Ideas for Poetry with Children

These are ideas I’ve used to get my children appreciating and writing poetry.
I like getting them used to hearing the rhythm of verse when they are really little. Simple books like Ten Apples up on Top, Put me in the Zoo and A Big Ball of String are easy to get through with little ones at one sitting.



I like collecting poetry anthologies and books of verse and I’ve found many of them for around a dollar at Lifeline sales, Op shops and library sales.
Here are a few of my favourites:

Nursery ryhmes….


I knew Mother Goose by Tasha Tudor inside out after reading it just about every day to my youngest daughter when she was 2 years old. After a little while she could rattle many of them off herself, which was very cute.

The Golden Treasury of Poetry  is a very good collection of poems, well-illustrated with interesting sections on the poets themselves or the background of the poem. I’ve come across a few books (e.g. Modern British Poetry) where Louis Untermeyer has selected and commented on the poems and I’ve appreciated his selections and what he has to say about them. He includes a number of ballad poems which I’ve found the boys tend to prefer over other types of poetry.

A well known anthology and still in print is Favorite Poems Old & New by Helen Ferris. A chunky volume with over seven hundred classic and modern poems.
Call of the Gums is a great little selection of Australian poems which was published in 1962. It includes Bushsongs & ballads, humour, history, and war poetry. Particulary popular with the boys, some of their favourites poems in this book are: Clancy of the Overflow, Andy’s Gone With Cattle, and How McDougal Topped the Score.
I wouldn’t want to be without any of my poetry books but if I could only have one I’d probably pick The Harp and Laurel Wreath by Laura M. Berquist. What makes this book different to the other anthologies are the helpful study questions, her insightful comments in the introduction about the importance of poetry and her Christian worldview. 
The contents are divided into poems for The Early Years, The Grammatical Stage, The Dialectical Stage and The Rhetorical Stage with suggestions for memorization, dictation, and study questions; 493 pages.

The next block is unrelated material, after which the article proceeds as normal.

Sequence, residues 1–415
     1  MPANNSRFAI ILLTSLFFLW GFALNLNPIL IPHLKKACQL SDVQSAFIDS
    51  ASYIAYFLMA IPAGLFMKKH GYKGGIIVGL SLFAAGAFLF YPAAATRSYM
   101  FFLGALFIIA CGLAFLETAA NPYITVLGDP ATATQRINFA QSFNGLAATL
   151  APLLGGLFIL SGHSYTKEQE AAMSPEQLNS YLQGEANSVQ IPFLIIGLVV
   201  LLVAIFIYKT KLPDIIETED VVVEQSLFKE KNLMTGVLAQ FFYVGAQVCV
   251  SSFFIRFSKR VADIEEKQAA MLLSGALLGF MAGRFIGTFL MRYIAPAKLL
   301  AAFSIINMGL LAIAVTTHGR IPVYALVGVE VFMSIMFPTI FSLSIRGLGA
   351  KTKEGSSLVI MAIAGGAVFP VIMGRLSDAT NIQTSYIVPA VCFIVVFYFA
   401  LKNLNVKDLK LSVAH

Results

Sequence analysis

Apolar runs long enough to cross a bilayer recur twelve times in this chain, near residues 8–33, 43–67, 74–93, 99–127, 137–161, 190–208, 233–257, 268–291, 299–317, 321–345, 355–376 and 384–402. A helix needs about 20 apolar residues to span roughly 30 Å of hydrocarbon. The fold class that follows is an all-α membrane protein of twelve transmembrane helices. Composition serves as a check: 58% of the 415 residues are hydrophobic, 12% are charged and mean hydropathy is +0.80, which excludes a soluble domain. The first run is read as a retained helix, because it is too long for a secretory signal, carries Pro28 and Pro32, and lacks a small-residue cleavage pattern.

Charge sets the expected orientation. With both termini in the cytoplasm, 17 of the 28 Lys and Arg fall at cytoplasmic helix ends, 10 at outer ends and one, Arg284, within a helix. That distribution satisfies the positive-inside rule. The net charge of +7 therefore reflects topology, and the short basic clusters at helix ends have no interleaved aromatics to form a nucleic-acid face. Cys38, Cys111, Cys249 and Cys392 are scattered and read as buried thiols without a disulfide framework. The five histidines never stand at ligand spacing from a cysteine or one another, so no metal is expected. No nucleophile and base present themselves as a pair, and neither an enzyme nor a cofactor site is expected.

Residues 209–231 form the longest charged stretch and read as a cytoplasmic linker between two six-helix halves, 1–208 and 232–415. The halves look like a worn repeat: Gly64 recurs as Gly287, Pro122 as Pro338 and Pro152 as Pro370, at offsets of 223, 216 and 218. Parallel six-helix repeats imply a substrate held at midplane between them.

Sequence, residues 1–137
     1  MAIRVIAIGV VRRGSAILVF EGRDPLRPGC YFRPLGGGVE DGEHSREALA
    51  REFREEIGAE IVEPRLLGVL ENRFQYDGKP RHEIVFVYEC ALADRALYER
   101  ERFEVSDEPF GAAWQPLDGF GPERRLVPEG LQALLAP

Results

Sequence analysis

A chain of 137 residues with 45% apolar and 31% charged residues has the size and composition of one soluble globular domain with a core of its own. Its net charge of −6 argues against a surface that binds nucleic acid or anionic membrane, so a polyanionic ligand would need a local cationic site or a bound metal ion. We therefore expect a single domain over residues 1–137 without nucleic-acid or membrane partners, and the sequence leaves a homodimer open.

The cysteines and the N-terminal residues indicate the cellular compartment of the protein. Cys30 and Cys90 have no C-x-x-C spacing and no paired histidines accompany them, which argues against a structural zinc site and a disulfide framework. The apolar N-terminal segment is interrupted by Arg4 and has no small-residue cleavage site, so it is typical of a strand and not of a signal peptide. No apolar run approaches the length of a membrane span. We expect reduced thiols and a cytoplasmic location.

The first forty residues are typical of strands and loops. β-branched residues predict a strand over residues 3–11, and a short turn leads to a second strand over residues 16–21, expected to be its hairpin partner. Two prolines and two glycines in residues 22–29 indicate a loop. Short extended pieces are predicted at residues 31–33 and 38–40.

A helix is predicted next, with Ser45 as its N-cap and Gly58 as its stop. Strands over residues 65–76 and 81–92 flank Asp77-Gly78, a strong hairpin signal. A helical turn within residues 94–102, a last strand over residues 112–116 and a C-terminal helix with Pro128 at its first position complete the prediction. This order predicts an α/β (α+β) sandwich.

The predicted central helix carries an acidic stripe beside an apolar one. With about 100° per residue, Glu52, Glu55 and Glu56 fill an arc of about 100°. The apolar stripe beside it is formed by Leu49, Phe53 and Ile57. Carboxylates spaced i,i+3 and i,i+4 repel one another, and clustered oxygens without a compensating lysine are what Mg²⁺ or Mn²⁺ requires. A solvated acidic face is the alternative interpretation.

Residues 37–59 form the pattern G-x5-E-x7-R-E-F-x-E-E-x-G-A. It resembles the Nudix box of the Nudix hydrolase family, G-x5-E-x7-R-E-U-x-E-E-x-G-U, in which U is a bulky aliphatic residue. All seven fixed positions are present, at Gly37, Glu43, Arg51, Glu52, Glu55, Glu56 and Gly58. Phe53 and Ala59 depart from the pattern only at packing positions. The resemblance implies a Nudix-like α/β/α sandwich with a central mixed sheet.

The poems included are selections I’ve been able to use with my children when they were toddlers e.g.The Little Turtle and all the way through highschool.
A book of poems I’ve been enjoying alongside my daughter while reading Our Island Story by H.E. Marshall is Kings and Queens by Eleanor and Herbert Farjeon. Starting with William I in 1066 and up until Elizabeth II, the book presents amusing but historically accurate poems about the kings and queens of England. Good fun!
The Grammar of Poetry by Matt Whitling is an Ambleside Online Year 7 suggestion for poetry but it is quite involved and introduces topics such as iambic Tetrameters, tropes, trochaic foot, dactyl and syndedoche. I’ve used it for a few children now and some of them did better with it a year or two later. I used it with my 17 year old last year and found it quite useful but when I tried using it with his 16 year old brother this year it didn’t go down so well so I’ve put it aside. But this young man is enjoying writing songs and I think the years of listening to and memorising poetry has encouraged this.
Grammar of Poetry also covers themes such as onomatopoeia, simile, metaphor, pun, alliteration, personification and  hyperbole which are easier concepts to understand and I’ve encouraged him to use some of these devices when he does poetic narrations even though we’re not continuing with the book. There is a Student’s book and a Teacher’s Manual which is a replica of the student’s with some examples. I find I need the Teacher’s manual and you could possibly use just this if you wanted to save some money.
Student book:                                                        Teacher’s Manual:


The above edition is the old one so you’d have to get a secondhand copy. The first poem below was written using alliteration and he followed the meter of a poem he’d been reading.
The second poem was a poetic narration of Plutarch’s Dion. I asked him to use some of the vocabulary words in the reading for that week – Plutarch has such great vocabulary!
The following poems are written narrations my 13 year old son did this year:


These were done when he was 11 and 12 years of age:




He wrote this acrostic poem when he was about 10:


Reading poetry aloud and discussing what the poet was attempting to convey has been a very enriching experience at times for us. At other times my boys would just blurt out how stupid the poem was (the girls never seemed to do this). They did this with Emily Dickinson’s poems but ballads or historical poems or poems of heroism and brave deeds were never a problem.
Recently I read aloud The Fool’s Prayer and it generated a discussion on the wisdom of well-chosen and well-timed words; another time a poem by the same author gave us an opportunity to talk about using what you have and not using what you have not as an excuse for inaction or cowardice. We’ve also enjoyed  Australian bush songs and ballads put to music – it’s a great way to learn a poem.
Some other poetry books on our shelves:
A Child’s Book of Poems is quite a nice anthology of poems that is suggested for Ambleside Year 1. Gyo Fujikawa’s illustrations are appealingly uncluttered & whimsical.






6 thoughts on “Ideas for Poetry with Children

  1. I just added The Harp and Laurel Wreath to my list of books to buy. 🙂 We also have A Child's Book of Poems that my youngest daughter and I will be reading as soon as we finish up our book of Mother Goose rhymes.


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